If you have ample money socked away for the day you’re no longer in the workforce, this may not be a big deal. But if you’re already behind, as many workers are, then using those funds early will only make it harder for you to retire someday.

Image: Bankrate.com

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  • rm handel

    As a professional in this field, I think this article fails to mention a few critical points. Frist of all, the interst on a loan fro your 401(k) is paid back to YOURSELF, into your account, not a bank or a credit card company. Secondly, your financial institution managing your 401(k) is the best resource to see what you have available, not your financial planner, becasue of your employer sponsored plan rules. Lastly, you may still have options for loan repayment even after separation from your company, and tax implications can be minimized through a rollover of funds if the loan is turned into a withdrawal. I hope readers are not confused by the misleading statements in this article!

    • http://www.credit.com Gerri

      Thanks for weighing in. Your point that when you borrow you are paying interest to yourself is correct; however, I would add that you are paying yourself with after tax dollars and you are keeping that money from earning investment returns for that period of time – which could be good or bad depending on how the market does!

      However I am confused by your a couple of your points. I didn’t mention going to a financial planner. I suggested that those who are thinking of cashing in (not borrowing against) a retirement account talk with a tax professional to find out the tax implications of an early withdrawal. In my opinion that’s advice only a tax professional can give – not an HR person or plan administrator.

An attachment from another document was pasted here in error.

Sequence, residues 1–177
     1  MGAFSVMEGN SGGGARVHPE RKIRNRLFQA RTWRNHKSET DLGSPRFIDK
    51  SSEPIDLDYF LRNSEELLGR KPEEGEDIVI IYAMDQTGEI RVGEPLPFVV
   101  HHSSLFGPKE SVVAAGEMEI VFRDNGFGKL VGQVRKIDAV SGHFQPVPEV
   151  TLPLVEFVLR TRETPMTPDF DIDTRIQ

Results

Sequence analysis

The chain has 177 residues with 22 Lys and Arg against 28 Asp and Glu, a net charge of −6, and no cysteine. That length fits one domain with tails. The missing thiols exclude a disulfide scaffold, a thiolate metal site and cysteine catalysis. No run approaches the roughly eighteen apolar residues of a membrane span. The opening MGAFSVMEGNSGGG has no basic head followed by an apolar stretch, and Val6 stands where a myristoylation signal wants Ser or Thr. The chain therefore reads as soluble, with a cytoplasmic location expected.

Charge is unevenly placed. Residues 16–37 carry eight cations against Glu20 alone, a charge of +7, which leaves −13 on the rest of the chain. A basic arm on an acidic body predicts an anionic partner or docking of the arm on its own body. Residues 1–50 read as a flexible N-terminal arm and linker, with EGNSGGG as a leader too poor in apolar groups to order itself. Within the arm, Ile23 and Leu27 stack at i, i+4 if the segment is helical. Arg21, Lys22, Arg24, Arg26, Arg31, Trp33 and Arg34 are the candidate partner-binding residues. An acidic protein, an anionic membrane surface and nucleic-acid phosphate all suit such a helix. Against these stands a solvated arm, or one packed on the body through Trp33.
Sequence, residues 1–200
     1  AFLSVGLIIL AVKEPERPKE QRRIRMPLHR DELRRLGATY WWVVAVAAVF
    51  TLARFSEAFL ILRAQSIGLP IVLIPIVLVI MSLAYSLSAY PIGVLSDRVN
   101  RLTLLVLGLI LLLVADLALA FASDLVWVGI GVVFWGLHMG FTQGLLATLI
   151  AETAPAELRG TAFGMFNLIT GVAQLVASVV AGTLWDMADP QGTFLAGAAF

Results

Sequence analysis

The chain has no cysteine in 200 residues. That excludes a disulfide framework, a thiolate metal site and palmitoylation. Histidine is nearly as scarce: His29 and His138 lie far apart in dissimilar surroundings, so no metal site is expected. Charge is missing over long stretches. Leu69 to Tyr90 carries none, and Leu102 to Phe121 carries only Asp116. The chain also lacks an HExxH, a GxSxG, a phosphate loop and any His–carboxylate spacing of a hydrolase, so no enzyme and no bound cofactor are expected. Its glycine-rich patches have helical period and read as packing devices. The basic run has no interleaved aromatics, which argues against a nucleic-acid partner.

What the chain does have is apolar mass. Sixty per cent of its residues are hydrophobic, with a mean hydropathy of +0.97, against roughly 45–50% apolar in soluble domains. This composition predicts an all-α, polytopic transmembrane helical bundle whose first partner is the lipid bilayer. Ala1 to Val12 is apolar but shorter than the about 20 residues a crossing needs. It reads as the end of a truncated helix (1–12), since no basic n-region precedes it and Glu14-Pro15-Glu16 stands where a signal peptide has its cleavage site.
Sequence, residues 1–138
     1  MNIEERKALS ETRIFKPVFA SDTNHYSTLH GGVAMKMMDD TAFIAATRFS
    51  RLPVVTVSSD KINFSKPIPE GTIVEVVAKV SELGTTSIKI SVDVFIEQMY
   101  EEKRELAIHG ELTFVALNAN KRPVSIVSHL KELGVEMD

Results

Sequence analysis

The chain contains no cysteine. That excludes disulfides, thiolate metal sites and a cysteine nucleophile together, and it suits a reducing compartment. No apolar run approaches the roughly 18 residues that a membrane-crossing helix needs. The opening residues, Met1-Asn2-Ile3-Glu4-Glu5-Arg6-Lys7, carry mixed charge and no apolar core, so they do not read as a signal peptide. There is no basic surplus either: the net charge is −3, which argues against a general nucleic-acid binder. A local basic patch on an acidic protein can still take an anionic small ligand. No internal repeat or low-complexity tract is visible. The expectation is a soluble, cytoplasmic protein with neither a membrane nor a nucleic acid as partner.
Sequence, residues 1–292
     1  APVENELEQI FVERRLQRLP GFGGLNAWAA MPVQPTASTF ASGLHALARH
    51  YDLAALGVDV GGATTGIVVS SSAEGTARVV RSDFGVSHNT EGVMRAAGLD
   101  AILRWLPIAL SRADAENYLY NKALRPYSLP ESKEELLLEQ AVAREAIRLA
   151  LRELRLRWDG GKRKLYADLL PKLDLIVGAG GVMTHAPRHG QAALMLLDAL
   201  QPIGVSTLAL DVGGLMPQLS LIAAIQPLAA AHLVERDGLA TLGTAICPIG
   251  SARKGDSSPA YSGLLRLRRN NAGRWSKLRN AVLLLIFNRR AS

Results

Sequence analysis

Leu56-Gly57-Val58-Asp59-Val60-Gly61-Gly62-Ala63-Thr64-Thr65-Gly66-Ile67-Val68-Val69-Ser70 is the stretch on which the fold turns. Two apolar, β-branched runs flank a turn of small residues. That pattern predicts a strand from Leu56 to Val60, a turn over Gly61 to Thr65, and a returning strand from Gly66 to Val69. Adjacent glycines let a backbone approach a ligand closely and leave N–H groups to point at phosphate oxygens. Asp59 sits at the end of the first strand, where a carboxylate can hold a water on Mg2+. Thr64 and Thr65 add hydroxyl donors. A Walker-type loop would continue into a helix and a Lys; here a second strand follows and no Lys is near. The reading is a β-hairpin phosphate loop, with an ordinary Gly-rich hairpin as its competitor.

I also mentioned that someone who cannot make the payments or is separated from their job and must repay the loan immediately may wind up forced into an early withdrawal. How would they do a rollover without the funds to repay the loan? Perhaps I am missing something.

      I am not opposed to loans against retirement accounts. I have written about the pros and cons in other stories. My concern here is for the many people mentioned in this study who took these loans to meet urgent financial needs, and could wind up creating even more financial problems for themselves. Is that somehow misleading?

      • Cindy

        Gerri, You mentioned that you are paying the loan back with ‘after tax dollars’. I have heard other planners say this also. I don’t understand why this is a concern since you didn’t pay tax on the money that was borrowed. Aren’t you just putting the borrowed money back in you account?

        • http://www.credit.com Gerri

          Great question Cindy. Presumably you’ve already used the money you borrowed to pay bills or for whatever purpose you took out the loan. Then you’ll pay it back from income you are now earning. As long as you earn enough income that you are required to pay taxes on your income, then you’ll have to first pay taxes on that income, then use what’s left to pay back this loan.